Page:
The opinion of the court was delivered by: Amy J. St. Eve, District Court Judge
MEMORANDUM OPINION AND ORDER
Before the Court is Petitioner Maurice Coleman's petition for a writ of habeas corpus and supplemental habeas petition pursuant to 28 U.S.C. § 2254(d)(1).*fn2 For the following reasons, the Court denies Coleman's habeas petition. The Court also denies Coleman's request for an evidentiary hearing pursuant to 28 U.S.C. § 2254(e)(2).
Coleman does not present clear and convincing evidence challenging the statement of facts set forth in the Illinois Appellate Court's opinions affirming the judgments of the Circuit Court of Cook County, and thus the Court presumes those facts are correct for purposes of its habeas review. See 28 U.S.C. § 2254(e)(1); see also Virsnieks v. Smith, 521 F.3d 707, 714 (7th Cir. 2008). Therefore, the Court adopts the underlying facts as set forth by the Illinois Appellate Court. See People v. Coleman, No. 1-95-4039 (Ill.App.Ct. July 31, 1998); People v. Coleman, 179 Ill.App.3d 410, 128 Ill.Dec. 401, 534 N.E.2d 583 (Ill.App.Ct. 1989). The Court begins with a recounting of the facts as determined by the Illinois Appellate Court. See Easley v. Frey, 433 F.3d 969, 970 (7th Cir. 2006).
The testimony at Coleman's trial reveals that on Sunday, August 2, 1981 at about 5:00 p.m., the victim, Terrell Jackson, was at his home on the south side of Chicago, Illinois where he had fallen asleep on the floor while watching television in a second-floor bedroom. Jackson's younger brother, Arlander Adamson, was watching television in the first-floor living room and Jackson's stepdaughter, Gwen Thomas, was in another second-floor bedroom with her baby.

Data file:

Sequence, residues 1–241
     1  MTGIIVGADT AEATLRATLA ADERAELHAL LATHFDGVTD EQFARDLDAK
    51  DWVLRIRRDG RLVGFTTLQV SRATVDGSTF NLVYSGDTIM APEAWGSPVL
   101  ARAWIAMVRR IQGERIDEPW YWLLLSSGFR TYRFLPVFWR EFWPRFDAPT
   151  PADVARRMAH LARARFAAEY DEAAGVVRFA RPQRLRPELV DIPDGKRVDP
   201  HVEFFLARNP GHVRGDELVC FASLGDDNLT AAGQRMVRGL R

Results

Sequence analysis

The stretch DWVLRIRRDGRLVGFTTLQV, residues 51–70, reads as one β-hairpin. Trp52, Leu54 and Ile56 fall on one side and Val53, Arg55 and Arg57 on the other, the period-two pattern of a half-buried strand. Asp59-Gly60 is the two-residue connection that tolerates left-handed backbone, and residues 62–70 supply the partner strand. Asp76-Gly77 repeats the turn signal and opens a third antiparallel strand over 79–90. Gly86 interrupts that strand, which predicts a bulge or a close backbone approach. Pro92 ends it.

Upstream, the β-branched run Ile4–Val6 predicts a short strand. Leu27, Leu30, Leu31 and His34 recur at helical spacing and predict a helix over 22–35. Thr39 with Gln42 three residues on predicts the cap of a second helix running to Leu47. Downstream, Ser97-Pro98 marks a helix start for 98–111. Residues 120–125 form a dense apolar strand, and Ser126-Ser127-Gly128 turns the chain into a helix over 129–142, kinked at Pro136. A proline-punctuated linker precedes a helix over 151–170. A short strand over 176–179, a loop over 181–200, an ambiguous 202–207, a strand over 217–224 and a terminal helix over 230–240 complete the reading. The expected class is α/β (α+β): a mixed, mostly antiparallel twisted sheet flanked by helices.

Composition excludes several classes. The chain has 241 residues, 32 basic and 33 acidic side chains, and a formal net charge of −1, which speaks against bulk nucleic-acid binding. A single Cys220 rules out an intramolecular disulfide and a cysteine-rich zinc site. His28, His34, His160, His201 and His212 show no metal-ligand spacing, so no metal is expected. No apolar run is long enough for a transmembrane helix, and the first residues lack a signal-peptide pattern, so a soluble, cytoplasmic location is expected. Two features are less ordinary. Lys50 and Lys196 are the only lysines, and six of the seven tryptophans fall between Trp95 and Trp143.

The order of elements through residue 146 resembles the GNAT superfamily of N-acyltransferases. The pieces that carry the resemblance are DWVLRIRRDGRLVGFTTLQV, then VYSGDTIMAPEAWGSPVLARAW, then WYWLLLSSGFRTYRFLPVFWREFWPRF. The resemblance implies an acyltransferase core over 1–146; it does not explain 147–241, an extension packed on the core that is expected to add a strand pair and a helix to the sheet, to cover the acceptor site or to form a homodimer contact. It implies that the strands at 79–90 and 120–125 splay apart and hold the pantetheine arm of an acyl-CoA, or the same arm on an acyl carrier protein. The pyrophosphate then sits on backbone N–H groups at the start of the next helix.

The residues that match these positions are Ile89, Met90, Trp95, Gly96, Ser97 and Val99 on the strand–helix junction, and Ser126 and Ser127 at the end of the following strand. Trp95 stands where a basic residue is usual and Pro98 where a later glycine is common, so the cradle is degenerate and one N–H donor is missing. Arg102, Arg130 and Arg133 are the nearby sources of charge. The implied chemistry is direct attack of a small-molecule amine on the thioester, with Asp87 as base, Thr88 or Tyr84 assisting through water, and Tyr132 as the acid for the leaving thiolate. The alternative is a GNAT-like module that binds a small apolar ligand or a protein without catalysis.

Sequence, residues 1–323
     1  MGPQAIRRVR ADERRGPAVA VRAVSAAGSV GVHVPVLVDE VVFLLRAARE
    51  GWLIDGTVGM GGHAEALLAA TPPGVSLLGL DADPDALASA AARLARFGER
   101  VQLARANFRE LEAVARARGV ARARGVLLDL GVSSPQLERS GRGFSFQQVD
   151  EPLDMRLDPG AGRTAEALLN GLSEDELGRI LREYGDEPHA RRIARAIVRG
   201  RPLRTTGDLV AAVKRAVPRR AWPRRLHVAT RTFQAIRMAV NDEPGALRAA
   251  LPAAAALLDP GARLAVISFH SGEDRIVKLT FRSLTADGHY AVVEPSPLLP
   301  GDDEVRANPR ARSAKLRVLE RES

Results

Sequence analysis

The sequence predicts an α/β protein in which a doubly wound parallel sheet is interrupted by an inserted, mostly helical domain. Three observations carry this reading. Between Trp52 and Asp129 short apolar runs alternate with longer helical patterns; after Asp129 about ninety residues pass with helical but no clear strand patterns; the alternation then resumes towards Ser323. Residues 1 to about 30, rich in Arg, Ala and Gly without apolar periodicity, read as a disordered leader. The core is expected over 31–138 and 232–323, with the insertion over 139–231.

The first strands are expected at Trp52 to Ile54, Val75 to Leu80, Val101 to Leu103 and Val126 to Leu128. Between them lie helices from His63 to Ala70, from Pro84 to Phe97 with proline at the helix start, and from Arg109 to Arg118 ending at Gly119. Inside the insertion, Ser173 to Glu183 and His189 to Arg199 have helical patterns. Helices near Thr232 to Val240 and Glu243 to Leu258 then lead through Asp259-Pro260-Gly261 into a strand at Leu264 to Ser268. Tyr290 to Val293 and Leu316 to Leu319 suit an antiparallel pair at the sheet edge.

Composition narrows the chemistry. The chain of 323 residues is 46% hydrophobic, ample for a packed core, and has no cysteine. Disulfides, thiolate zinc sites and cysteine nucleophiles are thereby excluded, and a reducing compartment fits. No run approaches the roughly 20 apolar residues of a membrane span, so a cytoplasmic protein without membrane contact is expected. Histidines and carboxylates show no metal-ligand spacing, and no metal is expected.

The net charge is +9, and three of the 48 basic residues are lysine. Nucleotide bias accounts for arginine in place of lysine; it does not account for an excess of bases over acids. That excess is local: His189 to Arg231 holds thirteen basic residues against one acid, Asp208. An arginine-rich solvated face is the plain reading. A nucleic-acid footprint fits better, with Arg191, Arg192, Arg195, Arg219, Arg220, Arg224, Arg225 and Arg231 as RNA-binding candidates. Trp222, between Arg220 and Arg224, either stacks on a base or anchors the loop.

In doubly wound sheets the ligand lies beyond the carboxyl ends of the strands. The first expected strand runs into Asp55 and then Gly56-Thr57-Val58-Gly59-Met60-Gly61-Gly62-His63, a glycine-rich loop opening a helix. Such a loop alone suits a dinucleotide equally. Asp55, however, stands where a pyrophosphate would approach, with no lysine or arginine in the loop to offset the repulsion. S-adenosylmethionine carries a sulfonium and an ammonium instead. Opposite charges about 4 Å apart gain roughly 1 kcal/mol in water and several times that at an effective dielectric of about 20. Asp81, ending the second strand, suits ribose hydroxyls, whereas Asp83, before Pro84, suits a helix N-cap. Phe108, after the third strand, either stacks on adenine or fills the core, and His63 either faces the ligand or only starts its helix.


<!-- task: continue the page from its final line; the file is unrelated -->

On that same day, two men burst through the rear door of Jackson's residence. The men put their guns to Adamson's head and ordered Adamson to tell them who else was in the house. Adamson then told them that his brother, his niece, and her baby were upstairs. The two men also asked Adamson if there were any drugs or money in the house. One of the men suggested that they should kill Adamson, but the other man disagreed. The two men then bound and gagged Adamson and forced him to accompany them upstairs.
Adamson indicated to the two men that his niece and her baby were in the room where the door was closed. The men, along with Adamson, went down the hallway to Jackson's room and the men then ordered Adamson to lie on the floor. They told Jackson to get up and asked him, "Where is the s--t at?" As Jackson awakened, the men fired six shots into Jackson's body. One of the men took Jackson's jewelry and money and the other looked through various drawers in the room while asking, "Where's the s--t?"
One of the men then left the room and went to Thomas' room, and with a gun in his hand, told Thomas to come with him. He then directed Thomas to Jackson's room. Thomas saw Jackson and Adamson lying on the floor. One of the men then told Thomas that if she did not tell them where "it" was, the two men would kill them. Thomas asked Jackson what the men wanted and where "it" was. Jackson said that he did not have anything and that he did not want to die. The two men nevertheless ransacked the room, went into the closets and under the mattress, and pulled out drawers. One of the men put something in his pocket. They also tied up Thomas and made her lie face down on the floor. The two men then left Jackson's residence.